Need to Know
- Nordstrom is working with two companies to modernize its California warehouse, utilizing robots to better manage time delivery logistics.
- The partnership can boost delivery times by up to two days in some circumstances.
- Live in one distribution center so far, the robots only handle beauty products as Nordstrom amps up efforts to compete with Amazon and Glossier.
- Nordstrom’s online sales are up 16% in fiscal 2018 and comprise 30% of the total $15.48 billion in net sales last year.
Nordstrom’s new robotics partnership is a big step forward in the retail industry. Supply chain company Attabotics and parcel-sorting provider Tompkins Robotics are the two companies coming together to transform Nordstrom’s Newark, California warehouse.
Attabotics’ structures house aisles worth of products in a compact space, and the company helps Nordstrom adapt to changes in customer demand.
Tompkins Robotics utilizes small autonomous robots to sort products by orders, shipping destination, and shipping timing. Together the two help the warehouse staff send the right product to the right customer as quickly as possible—even up to one or two days faster.
“Every location should be able to provide customers with what they want and on their terms. To help accomplish this, retailers must abandon the ‘one-size fits all’ approach to supply chain,” Nordstorm wrote in a blog post. “We’re reimagining our supply chain to better enable this shopping experience, while also making the entire process seamless and operationally simple for our employees.”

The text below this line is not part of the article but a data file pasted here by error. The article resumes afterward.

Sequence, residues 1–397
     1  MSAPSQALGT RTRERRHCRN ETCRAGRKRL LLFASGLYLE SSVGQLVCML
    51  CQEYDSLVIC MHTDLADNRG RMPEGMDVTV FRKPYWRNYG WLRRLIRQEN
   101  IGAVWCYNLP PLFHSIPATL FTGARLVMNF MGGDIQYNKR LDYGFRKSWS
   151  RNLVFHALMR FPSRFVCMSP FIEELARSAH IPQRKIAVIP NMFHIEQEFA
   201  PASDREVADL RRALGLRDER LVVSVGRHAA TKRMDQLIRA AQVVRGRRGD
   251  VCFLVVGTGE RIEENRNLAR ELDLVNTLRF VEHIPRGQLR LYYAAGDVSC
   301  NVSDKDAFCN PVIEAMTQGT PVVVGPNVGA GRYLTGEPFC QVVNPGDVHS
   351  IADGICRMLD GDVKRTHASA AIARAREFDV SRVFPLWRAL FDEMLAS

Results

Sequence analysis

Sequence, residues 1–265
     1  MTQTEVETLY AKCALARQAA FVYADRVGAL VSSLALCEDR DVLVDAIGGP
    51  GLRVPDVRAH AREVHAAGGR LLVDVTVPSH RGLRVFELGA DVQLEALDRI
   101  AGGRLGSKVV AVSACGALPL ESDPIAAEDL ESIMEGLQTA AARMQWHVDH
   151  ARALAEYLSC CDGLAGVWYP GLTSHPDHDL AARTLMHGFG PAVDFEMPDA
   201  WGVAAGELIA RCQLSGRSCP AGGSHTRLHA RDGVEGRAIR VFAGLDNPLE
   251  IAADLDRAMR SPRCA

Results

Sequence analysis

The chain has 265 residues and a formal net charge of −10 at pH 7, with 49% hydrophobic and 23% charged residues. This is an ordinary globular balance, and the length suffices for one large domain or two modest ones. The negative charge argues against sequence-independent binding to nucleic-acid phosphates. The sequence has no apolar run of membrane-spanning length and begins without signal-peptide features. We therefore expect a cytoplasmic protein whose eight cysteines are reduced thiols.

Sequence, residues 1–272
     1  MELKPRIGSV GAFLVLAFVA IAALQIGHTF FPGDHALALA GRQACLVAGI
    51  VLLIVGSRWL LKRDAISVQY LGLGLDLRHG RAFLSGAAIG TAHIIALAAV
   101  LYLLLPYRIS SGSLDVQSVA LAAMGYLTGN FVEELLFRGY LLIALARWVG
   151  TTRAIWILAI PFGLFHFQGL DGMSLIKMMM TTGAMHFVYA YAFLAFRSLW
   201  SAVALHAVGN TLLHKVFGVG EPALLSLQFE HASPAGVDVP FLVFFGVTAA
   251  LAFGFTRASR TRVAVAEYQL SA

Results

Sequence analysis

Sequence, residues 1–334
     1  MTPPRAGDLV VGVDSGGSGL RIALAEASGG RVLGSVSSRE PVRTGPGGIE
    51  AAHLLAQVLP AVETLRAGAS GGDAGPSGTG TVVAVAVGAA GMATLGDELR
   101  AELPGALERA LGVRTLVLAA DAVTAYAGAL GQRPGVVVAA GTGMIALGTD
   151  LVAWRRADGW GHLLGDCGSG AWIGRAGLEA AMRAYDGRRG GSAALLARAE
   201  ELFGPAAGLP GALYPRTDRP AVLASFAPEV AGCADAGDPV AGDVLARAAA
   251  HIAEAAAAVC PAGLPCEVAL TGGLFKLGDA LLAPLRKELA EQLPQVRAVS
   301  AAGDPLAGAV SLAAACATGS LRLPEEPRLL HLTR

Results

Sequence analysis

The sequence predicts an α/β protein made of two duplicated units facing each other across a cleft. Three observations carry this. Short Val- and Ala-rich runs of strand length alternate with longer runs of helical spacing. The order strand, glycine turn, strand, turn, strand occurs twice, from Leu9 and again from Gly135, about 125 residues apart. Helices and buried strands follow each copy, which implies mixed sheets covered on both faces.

In addition to employing robots, in 2017 the retailer also opened ‘Nordstrom Local’ retail hubs in some of its biggest geographical markets. Nordstrom Local carries no inventory, but rather serves as a pick-up point for online customers looking for more flexibility in their delivery options. But instead of a drab post office, Nordstrom Local’s are packed full of luxury service offerings. Customers are able to have manicures, pedicures, stroller cleanings, and even clothing alterations while they pick up their orders.
Nordstrom rolled out the robotic pilot in one of their biggest categories, beauty —perhaps feeling the pressure from online beauty giant Glossier and the ever-growing Amazon. Should the pilot be successful the retailer could expand its use to Nordstrom’s eight other US distribution centers.